The Tideway megaproject was unable to implement more ambitious offsite measures because of contractual issues, its chief technical officer Roger Bailey has revealed.
In the early years of the London super sewer project, Tideway had looked at building one factory on the Thames Estuary to manufacture all of the precast concrete elements for the job. However, it ended up with four factories used by the different contractors involved. Speaking at the Construction News Summit, Bailey said having one plant would have delivered greater economies of scale for the overall project, but the idea was scuppered by the nature of its contracts.
"It [separate plants] works for individual contractors, because of different timings and they're not all the same design – and they would never have been the same design because the tunnel is different diameters in different parts of it," he said. "However, the ability of a client to influence an outcome that seems to be right, is quite difficult with some of the contracts that we generally use."
Bailey said clients need to work with contractors and subcontractors earlier to drive more innovative solutions. "Maybe in the future, in order to do the best, we need to move towards this Project 13 approach, where you've got an integrator, and you've got the client getting into more contracts with a wider range of subcontractors and contractors, some of whom you can give earlier contracts to, and you can work with them on specific areas, well in advance of when you might normally work so that you can bring the benefits of this thing going forward."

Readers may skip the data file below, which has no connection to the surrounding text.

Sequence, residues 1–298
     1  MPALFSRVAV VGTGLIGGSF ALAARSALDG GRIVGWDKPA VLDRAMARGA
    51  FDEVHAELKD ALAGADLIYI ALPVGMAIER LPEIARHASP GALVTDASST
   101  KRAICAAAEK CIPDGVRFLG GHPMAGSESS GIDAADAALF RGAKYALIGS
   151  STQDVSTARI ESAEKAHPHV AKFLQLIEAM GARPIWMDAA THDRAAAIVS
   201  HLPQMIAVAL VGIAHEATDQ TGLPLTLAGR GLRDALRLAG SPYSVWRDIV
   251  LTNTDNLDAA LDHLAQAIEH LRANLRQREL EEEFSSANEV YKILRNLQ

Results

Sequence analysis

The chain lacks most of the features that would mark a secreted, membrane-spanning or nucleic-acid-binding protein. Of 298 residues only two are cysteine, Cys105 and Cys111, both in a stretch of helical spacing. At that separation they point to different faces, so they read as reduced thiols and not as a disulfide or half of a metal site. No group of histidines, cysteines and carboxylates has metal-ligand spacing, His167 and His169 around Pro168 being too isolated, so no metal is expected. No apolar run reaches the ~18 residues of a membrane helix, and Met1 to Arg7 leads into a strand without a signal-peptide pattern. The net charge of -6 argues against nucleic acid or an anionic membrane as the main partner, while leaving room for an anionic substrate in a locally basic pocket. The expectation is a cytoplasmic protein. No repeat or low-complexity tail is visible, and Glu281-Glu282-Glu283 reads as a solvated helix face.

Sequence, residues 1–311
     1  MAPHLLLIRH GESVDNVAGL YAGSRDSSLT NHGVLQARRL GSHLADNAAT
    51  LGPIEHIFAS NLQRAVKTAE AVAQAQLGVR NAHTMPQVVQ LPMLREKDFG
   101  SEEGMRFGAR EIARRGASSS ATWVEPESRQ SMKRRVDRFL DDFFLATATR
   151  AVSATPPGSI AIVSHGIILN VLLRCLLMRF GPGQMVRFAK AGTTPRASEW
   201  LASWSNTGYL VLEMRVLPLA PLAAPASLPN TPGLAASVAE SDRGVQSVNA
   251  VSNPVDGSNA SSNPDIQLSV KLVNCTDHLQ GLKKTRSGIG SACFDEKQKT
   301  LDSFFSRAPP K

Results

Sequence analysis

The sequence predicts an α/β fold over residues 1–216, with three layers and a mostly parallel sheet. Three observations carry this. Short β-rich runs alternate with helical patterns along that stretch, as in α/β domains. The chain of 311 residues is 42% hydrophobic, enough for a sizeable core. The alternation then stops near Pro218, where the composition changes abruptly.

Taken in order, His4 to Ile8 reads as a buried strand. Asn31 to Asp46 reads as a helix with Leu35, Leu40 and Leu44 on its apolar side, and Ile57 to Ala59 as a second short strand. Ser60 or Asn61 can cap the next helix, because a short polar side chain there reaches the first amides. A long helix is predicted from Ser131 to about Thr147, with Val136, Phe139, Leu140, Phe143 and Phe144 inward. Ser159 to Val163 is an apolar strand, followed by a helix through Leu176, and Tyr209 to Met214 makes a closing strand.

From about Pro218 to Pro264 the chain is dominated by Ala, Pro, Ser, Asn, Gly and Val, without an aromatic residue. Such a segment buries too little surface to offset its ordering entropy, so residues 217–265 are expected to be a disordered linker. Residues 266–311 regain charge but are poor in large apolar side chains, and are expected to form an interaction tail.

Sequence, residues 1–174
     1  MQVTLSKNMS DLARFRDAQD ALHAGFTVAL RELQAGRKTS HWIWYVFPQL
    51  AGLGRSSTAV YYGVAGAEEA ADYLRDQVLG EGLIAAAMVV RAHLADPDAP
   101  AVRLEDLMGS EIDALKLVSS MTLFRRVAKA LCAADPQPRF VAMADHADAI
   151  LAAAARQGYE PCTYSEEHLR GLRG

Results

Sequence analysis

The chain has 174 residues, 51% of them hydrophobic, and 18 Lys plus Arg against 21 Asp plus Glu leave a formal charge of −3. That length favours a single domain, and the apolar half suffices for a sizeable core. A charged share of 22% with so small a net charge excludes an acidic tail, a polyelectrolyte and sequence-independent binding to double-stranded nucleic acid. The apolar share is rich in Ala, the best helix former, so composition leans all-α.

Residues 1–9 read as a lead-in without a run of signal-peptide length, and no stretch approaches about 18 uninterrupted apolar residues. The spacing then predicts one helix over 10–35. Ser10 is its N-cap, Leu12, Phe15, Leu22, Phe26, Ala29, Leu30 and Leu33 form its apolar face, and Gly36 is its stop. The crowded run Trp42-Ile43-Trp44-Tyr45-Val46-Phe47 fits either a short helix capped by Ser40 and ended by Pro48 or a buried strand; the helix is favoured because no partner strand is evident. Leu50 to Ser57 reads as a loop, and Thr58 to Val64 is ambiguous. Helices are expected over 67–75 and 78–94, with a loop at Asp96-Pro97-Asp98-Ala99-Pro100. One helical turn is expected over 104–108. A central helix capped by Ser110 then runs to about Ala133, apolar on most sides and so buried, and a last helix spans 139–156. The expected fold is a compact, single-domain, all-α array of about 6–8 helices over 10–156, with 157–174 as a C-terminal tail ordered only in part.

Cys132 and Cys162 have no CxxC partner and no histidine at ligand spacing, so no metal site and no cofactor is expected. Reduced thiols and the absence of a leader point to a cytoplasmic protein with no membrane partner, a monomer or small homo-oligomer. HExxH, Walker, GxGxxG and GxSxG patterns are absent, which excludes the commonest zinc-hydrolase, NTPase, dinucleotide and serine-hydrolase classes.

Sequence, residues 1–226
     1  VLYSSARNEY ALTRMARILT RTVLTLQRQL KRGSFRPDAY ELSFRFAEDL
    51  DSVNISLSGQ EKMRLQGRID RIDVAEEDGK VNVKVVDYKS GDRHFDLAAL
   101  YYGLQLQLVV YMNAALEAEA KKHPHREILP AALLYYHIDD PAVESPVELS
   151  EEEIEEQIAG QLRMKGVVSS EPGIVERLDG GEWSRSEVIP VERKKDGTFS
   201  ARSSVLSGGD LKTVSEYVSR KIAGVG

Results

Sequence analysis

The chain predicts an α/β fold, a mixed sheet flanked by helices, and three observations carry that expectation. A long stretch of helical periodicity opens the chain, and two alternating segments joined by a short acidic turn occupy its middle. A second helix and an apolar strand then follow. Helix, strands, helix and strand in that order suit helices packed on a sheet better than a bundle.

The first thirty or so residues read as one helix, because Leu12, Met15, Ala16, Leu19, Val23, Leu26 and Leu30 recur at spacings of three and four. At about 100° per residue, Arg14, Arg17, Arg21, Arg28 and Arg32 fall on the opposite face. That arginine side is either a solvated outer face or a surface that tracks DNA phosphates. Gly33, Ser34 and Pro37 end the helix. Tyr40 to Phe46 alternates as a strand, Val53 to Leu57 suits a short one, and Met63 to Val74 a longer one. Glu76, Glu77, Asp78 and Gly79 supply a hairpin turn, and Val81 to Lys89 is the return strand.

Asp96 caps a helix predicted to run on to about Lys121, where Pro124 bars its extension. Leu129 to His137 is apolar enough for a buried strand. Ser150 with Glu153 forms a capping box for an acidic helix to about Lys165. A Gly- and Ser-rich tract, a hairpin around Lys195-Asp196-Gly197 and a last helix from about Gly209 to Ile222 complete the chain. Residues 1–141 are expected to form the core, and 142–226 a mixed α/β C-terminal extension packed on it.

Project 13 is a policy of the Institution of Civil Engineers, which seeks to make procurement collaborative rather than transactional. Earlier this year, Crossrail CEO Mark Wild told CN it should be more widely adopted on future projects.
Such an approach would see the supply chain place more importance on the overall project rather than their individual contracts. Bailey said: "If you decide to let your contract as individual contracts, you can't expect the contractor is optimising that ecosystem; the only way you do that is to change the ecosystem."
To overcome this, the client would have to contract directly with the material suppliers, Bailey said, rather than putting that in the hands of the contractor, which would increase the risk to clients.
Despite the failure to build the single precast factory, Bailey said contractors had embraced offsite construction on the £4.1bn tunnel, even to the point of investing in experimental solutions.
He said: "We have to line our tunnel with a secondary lining for added durability, and that would be normally in situ concrete. We wanted to try and do that as a pre-cast secondary lining, which would be quite unique.
"Ferrovial, Laing O'Rourke, Costain, Vinci, Bachy [Soletanche] and Herrenknecht came together in a very rigorous investment programme of several million pounds to see if we could develop this. And in the end, I'm afraid we weren't successful. But we did try very hard and were driven by a desire to be modern and to increase the amount of manufacturing."
Tideway revealed this week that it remains on course to meet its revised 2025 completion date and £4.1bn budget, as announced in August.
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